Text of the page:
Sowing Guidelines

The sowing guidelines are a set of calculations that convert the amount of seedlings requested by forest professionals to the quantity of seed that needs to be removed from long-term freezer storage for a seedling request.

They are

  • The default conversion factor on SPAR
  • Used to calculate the number of potential seedlings for an entire seedlot and the number of seedlings that can be produced per gram of seed
  • Used by many forest companies and nurseries. Some adjust the grams of seed required (usually downwards) based on past experience or limitations placed on high-value seed by the owner

Some nurseries have asked to have their nursery-specific guidelines entered as a default in SPAR. Unfortunately, this can create problems when comparing production figures across nurseries. The same amount of seed could be used to produce different quantities of seedlings at different nurseries. The problems are even greater when considering the impacts of changing nurseries on seedling production.

Nursery Grams Adjustment Screen

To help nurseries be more efficient with seed, a new Nursery Grams Adjustment Screen has been added to SPAR (look on the Services menu). You can now select sowing requests based on

  • Request agency (client)
  • Species
  • Stock type
  • Container type
  • Planting year/season
  • Stock age

You can bring these up on a common screen where you can adjust gram quantity.

The 2007 guidelines are illustrated in Figure 1 for germination capacity (GC) values between 70 and 100% (covering most Pli seedlots).

  • The changes in this version of the guidelines have been realized by reducing the correction or oversow factor by 0.1.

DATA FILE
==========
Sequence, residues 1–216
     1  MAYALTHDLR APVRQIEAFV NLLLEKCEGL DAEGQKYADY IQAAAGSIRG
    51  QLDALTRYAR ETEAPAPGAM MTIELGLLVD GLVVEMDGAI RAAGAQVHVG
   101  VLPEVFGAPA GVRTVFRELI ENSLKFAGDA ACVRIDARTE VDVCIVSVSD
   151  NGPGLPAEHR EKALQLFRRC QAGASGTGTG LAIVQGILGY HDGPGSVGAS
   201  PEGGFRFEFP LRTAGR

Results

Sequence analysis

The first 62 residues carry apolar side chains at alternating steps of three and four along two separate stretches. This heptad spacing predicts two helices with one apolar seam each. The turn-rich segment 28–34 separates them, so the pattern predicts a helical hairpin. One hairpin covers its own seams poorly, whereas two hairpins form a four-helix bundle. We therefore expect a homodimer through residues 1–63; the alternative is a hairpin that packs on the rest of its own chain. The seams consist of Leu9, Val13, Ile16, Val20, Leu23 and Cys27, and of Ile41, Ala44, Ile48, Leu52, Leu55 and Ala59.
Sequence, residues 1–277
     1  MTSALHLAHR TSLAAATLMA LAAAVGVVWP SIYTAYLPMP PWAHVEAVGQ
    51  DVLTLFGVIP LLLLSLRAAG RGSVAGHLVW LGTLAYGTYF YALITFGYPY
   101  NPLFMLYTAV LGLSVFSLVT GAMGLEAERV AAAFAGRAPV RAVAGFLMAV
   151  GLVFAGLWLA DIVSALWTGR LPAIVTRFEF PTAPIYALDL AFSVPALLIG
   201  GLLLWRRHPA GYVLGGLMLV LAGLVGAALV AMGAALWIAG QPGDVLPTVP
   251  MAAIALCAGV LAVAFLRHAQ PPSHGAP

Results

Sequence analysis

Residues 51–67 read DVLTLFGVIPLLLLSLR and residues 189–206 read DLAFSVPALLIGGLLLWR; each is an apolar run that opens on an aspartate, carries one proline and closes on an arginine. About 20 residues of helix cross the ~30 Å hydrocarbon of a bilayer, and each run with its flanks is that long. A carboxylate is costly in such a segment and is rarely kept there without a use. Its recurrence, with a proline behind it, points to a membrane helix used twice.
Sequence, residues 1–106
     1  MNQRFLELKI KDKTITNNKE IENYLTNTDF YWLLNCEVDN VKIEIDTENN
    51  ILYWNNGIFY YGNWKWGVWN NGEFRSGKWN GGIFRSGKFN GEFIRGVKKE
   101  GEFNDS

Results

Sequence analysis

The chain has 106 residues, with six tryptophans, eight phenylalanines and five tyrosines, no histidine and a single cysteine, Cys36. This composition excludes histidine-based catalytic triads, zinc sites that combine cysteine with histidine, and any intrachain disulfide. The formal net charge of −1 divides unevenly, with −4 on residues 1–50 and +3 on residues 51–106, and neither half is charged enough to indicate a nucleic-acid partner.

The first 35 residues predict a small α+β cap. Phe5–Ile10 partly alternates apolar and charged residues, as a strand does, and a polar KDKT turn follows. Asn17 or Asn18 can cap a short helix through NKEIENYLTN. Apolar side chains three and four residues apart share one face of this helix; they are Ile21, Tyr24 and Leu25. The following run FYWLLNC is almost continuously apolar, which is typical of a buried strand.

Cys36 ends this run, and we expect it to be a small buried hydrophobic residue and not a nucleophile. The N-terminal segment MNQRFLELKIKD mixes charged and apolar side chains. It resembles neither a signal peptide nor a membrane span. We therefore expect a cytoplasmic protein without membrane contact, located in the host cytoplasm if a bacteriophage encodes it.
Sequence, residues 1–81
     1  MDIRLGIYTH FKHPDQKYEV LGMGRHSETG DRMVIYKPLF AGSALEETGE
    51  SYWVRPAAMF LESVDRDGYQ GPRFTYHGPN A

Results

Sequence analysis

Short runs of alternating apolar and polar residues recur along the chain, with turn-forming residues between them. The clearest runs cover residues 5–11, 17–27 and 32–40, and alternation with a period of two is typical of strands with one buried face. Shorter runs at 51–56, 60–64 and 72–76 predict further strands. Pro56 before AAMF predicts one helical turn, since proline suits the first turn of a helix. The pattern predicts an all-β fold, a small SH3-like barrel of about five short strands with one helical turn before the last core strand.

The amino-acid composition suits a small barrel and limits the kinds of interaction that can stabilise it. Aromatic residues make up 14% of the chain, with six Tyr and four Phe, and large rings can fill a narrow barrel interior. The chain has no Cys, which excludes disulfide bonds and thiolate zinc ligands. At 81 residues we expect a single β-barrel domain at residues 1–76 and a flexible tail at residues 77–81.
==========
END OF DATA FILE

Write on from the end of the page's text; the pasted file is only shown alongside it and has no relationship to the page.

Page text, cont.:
• This factor is entered to two decimal places and allows for a streamlined reduction in seeds per seedling across the germination range.
  • The 2007 Pli guidelines do not provide specific sowing factor or correction factor terms. These small reductions in seed are best implemented by each nursery with consideration to their sowing equipment and attitude to risk.

Figure 1. A comparison of seeds per seedling supplied through the 2007 Pli guidelines and 2007 non-Pli guidelines (=2001 guidelines) from 69 to 100% germination capacity.

To compare seeds supplied per seedling, at 99% and 100% germination capacity, the term is reduced from 1.75 to 1.61 while at 69 and 70% GG the seeds per seedling goes from 4.81 to 4.43. A comparison of the changes in seeds per seedling for germination capacity values between 100 and 21% (the lowest germination capacity value in the guidelines) are illustrated in Table 1. The seeds per seedling number is important as it is the value used in the calculations converting seeds to seedling and vice versa.

Table 1. A comparison of the seeds supplied per seedling and % reduction of the 2007 Pli guidelines and 2007 guidelines for other species.

Dave Kolotelo - Susan Zedel - Al McDonald